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Many Players Put Up Landmark Numbers Gwynn Wins Eighth Batting Title, But Mcgwire, Griffey Went Deep

Tony Gwynn tied Honus Wagner’s record by winning his eighth National League batting title Sunday, and Mark McGwire and Ken Griffey Jr. fell short in their pursuit of Roger Maris’ home run record.

Roger Clemens became the first pitcher to lead the American League in wins, ERA and strikeouts since Detroit’s Hal Newhouser in 1945, and Curt Schilling and Pedro Martinez became the first pair of pitchers in 25 years to reach 300 strikeouts in the same season.

Gwynn, who didn’t play in San Diego’s final game, finished the season at .372, becoming the first player to win four consecutive N.L. batting titles since Rogers Hornsby won six straight from 1920-25. Ty Cobb holds the major league record with 12 A.L. batting titles.

McGwire hit 58 homers, including one Sunday, for the most since Maris set the record of 61 in 1961 and matching the fourth-most ever. McGwire also became the first player with 50 or more in consecutive seasons since Babe Ruth in 1927-28 and tied the record for right-handed hitters, set by Jimmie Foxx in 1932 and matched by Hank Greenberg in 1938.

McGwire, who hit 52 in 1996, failed to win any league home run titles this year, belting 34 for Oakland before his July 31 trade and 24 for St. Louis.

Griffey won the A.L. title with 56 for Seattle after hitting 49 last year. He also teamed with Jay Buhner (40) to become the third-best home-run hitting duo on one team, trailing only the 115 by Maris and Mickey Mantle for the New York Yankees in 1961 and the 107 by Ruth and Lou Gehrig for the Yankees in 1927.

After hitting a record 4,962 homers last year, an average of 2.19 a game, major league hitters hit 4,640 this season, a 6.5 percent decrease to an average of 2.05.

Baltimore’s Brady Anderson had the most spectacular drop, from 50 to 18. Players with 40 or more dropped from 17 to 12, while the number with 30 or more dropped from 43 to 31 and the number of 20 or more fell from 83 to 80. Still, those totals were the second-most ever behind last year.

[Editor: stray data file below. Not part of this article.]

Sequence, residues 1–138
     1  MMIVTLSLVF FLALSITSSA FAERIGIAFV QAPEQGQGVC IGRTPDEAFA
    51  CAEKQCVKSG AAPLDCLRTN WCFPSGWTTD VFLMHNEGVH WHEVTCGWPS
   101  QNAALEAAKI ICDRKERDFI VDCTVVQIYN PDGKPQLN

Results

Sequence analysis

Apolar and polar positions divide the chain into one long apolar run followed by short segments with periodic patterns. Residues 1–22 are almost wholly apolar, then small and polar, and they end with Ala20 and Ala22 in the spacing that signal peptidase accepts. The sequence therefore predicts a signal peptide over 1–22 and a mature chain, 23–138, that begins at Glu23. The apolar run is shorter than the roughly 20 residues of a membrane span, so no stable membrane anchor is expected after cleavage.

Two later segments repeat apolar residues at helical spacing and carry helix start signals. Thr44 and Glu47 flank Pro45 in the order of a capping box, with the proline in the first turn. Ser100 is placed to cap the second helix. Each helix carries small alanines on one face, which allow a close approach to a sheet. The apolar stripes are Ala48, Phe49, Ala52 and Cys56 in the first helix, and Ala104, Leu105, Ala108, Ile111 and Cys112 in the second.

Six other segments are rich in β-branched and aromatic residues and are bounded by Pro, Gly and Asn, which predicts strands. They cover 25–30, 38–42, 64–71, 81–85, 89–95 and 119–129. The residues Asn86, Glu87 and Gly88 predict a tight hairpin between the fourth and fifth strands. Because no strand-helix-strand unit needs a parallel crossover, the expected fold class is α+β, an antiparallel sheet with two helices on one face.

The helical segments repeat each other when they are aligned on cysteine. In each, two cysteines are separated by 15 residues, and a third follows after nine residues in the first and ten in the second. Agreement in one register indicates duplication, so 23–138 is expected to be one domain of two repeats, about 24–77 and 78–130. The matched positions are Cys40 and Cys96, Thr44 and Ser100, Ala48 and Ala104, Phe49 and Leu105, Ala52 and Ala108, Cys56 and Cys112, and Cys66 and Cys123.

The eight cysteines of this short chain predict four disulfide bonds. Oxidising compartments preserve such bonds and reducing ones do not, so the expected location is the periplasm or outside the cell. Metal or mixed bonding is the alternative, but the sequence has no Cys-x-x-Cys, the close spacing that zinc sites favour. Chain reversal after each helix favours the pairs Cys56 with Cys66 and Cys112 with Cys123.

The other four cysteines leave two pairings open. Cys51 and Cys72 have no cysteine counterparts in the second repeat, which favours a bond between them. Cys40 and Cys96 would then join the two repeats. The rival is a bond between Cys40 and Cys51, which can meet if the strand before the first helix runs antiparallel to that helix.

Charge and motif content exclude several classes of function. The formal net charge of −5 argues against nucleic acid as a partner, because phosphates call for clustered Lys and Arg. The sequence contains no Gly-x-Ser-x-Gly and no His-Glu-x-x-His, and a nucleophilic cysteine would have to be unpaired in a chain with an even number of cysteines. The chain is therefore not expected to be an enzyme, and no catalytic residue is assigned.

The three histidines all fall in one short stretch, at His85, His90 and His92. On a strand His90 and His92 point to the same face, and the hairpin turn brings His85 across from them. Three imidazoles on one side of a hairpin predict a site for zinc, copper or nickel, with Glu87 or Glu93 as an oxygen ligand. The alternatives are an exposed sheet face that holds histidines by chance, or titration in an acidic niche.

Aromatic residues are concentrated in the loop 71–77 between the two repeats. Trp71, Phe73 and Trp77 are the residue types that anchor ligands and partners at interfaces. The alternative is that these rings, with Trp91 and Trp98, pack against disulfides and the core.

Seattle set a record with 264 homers, topping the 257 by Baltimore last year. And Colorado set an N.L. record with 239, surpassing the 221 by the 1947 New York Giants, 1956 Cincinnati Reds and ‘96 Rockies.

Colorado had three players with 40 or more for the second straight year, getting a league-leading 49 from Larry Walker, 41 from Andres Galarraga and 40 from Vinny Castilla. Their total of 130 was an N.L. record for three teammates, topping the 124 by Davey Johnson (43), Darrell Evans (41) and Hank Aaron (40) of the 1973 Atlanta Braves. Before last year, the ‘73 Braves with the only team with three players at 40 or more.

The Rockies also had four players with 30 or more for the fourth straight season, with Ellis Burks hitting 32. The only other team with four 30-homer players was the 1977 Dodgers.

Walker’s 409 total bases were the highest in the majors since Stan Musial had 429 in 1948. And with a .720 slugging percentage, Walker became only the second N.L. player to top .700 since Musial’s .702 in ‘48. The other was Houston’s Jeff Bagwell at .750 in the strike-shortened 1994 season.

Frank Thomas hit .347 and became the first Chicago White Sox player to win the A.L. batting title since Luke Appling in 1943, and Boston’s Nomar Garciaparra became the first rookie to lead the A.L. in hits (209) since Kevin Seitzer in 1987. Gwynn led the N.L. in hits with 220.

Griffey led the A.L. in RBIs with 147, while Galarraga led the NL with 140. There were 35 players with 100 or more, down from 50 last year.

Clemens went 21-7 with a 2.04 ERA and a career-high 292 strike-outs for Toronto, fanning eight Sunday to finish one ahead of Seattle’s Randy Johnson. Clemens won his fourth strikeout title, his second straight, and his fifth ERA title.

Schilling led the majors with 319 strikeouts for Philadelphia and Martinez was second with 305 for Montreal. The last pair to top 300 in the same year were Nolan Ryan (329) and Steve Carlton (310) in 1972.

Martinez led the majors with a 1.90 ERA, becoming the first ERA leader with 300 strikeouts since Carlton had a 1.98 ERA in 1972. Denny Neagle led the N.L. in wins with 20 for Atlanta.

Brian Hunter had 74 steals, becoming the first Detroit player to lead the A.L. since Cobb in 1917. With 60, Tony Womack became the first Pittsburgh player to top the N.L. since Omar Moreno in 1979.

Jeff Shaw of the Reds led the N.L. with 42 saves, while Randy Myers led the A.L., converting 45 in 46 chances for Baltimore.


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